Assuming that’s accurate, the question has to be asked: How in the world could a Vatican employee be in a position to make off with two original letters by Michelangelo without being detected? Further, how could that person sit on those letters for the better part of 20 years without anyone suspecting?
Perhaps this was the perfect crime, but the more likely explanation is that it speaks to what has long been one of the least appreciated features of life in the Vatican: Until not so long ago, if you were considered della famiglia, meaning “of the family,” then there were almost no meaningful controls over your freedom of action.
The Vatican can be notoriously difficult for an outsider to penetrate. Once you’ve made it, however, the situation traditionally has been exactly the opposite.
Here’s how things worked until quite recently for insiders, including relatively low-level employees: Gendarmes stopped checking your passes to see where you were going, because they assumed your movements were legitimate. Officials at the Vatican bank didn’t ask many questions about where the cash you were depositing came from, because the presumption was that it was on the up-and-up.
Walking in and out of even theoretically highly secure environments was a piece of cake, because it was just taken for granted that you were safe. In that context, the surprise is probably not that a couple of Michelangelo letters were stolen 18 years ago, but rather that such occurrences aren’t far more common.
To be fair, that hidden informality and trust was a welcome compensation for the ostentation and rigor that Vatican folks often have to put up with in public.
When a handful of elderly personnel declared in the late Benedict XVI years that they planned to move their money elsewhere rather than put up with new controls imposed at the Vatican bank, one understands their nostalgia for a world that in some ways had passed them by.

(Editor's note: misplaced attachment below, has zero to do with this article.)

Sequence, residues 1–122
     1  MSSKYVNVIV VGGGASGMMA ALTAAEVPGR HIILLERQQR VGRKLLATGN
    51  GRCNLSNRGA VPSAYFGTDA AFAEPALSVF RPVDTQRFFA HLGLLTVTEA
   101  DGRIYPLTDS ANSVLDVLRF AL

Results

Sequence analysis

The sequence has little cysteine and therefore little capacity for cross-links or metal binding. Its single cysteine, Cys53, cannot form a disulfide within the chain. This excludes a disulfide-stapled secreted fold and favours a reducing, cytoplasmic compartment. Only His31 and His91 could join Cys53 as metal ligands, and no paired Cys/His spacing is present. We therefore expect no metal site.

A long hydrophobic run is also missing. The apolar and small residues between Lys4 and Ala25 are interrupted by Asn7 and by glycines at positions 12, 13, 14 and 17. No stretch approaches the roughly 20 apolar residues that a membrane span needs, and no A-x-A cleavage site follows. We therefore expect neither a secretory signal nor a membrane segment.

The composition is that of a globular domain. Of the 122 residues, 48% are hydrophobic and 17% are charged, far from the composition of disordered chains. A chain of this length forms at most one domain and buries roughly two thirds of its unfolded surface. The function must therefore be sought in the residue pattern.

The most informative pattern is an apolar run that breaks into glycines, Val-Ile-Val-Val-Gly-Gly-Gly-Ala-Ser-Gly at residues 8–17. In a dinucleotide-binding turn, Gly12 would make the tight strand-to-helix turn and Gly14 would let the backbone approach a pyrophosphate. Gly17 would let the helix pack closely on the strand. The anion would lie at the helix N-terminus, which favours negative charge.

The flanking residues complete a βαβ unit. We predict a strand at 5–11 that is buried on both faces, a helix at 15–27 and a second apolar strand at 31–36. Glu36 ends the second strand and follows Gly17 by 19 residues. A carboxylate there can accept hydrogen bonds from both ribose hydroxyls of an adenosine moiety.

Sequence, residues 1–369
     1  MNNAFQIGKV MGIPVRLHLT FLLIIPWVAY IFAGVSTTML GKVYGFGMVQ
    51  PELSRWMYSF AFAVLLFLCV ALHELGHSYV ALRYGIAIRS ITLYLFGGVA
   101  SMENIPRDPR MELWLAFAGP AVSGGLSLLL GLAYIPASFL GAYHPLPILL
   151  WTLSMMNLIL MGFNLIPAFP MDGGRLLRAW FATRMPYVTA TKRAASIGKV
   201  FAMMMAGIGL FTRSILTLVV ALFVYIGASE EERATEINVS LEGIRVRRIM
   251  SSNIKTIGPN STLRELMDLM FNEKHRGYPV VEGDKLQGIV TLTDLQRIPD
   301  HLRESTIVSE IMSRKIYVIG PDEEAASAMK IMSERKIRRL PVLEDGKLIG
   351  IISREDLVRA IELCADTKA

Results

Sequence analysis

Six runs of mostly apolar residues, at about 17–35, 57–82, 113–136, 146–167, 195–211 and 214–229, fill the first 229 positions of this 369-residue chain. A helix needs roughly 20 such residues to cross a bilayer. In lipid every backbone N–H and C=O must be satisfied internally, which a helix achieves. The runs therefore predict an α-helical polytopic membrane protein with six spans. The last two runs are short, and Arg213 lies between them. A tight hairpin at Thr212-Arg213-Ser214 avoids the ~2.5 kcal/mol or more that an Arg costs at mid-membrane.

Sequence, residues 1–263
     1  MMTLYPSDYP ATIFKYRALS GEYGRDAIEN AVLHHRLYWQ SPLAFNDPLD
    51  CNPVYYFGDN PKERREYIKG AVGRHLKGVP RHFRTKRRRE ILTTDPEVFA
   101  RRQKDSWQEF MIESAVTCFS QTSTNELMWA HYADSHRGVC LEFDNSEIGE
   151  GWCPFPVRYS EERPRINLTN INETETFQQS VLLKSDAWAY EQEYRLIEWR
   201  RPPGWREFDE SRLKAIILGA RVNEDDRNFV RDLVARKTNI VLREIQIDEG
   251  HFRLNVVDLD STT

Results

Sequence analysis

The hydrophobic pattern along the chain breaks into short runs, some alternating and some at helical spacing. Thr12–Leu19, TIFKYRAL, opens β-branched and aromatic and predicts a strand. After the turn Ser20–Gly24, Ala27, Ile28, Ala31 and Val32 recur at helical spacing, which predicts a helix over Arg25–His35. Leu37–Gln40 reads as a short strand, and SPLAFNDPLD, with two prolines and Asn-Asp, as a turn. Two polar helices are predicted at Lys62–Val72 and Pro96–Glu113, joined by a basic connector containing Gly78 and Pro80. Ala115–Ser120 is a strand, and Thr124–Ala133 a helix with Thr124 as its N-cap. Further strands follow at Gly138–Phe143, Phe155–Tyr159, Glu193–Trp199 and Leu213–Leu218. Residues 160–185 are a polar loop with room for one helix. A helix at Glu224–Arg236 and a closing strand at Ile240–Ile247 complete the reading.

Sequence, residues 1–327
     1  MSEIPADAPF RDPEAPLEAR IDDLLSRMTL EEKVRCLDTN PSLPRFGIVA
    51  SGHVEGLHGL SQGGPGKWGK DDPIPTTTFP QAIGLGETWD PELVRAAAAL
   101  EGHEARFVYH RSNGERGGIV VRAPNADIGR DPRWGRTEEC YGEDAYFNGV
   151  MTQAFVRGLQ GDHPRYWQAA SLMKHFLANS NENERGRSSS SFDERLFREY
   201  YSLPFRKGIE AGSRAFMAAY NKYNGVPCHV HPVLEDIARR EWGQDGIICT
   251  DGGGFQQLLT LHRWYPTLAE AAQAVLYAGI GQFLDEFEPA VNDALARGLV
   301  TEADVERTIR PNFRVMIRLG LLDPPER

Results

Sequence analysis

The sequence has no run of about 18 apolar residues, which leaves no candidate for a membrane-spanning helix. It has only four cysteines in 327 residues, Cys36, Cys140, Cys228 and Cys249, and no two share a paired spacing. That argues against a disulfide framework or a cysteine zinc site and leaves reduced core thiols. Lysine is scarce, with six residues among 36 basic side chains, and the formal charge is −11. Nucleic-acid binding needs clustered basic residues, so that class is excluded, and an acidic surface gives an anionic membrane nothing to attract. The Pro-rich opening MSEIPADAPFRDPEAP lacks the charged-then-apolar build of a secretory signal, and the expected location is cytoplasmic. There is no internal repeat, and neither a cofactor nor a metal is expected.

The climate of trust has been badly eroded by scandals, including the Vatican leaks affair and a whole series of financial embarrassments. Especially when it comes to money, Francis has moved aggressively since his election two years ago to create a new system of checks and balances.
In the wake of the Michelangelo ransom affair, it’s possible that corresponding new controls may be envisioned not just for the Vatican’s cash, but also for its historical treasures, beginning with items that aren’t lodged in a museum or archive, but which form part of the records of other departments such as the Fabric of St. Peter’s.
If handbags have to be searched at the end of the day, or detectors and security guards have to be installed in the entrances to offices, some old-timers may chafe at yet another intrusion on a trust-based culture they had come to cherish.
Francis, however, was elected on a reform mandate to avoid future scandals, and part of what “reform” means may well be a little less trust and a lot more verify.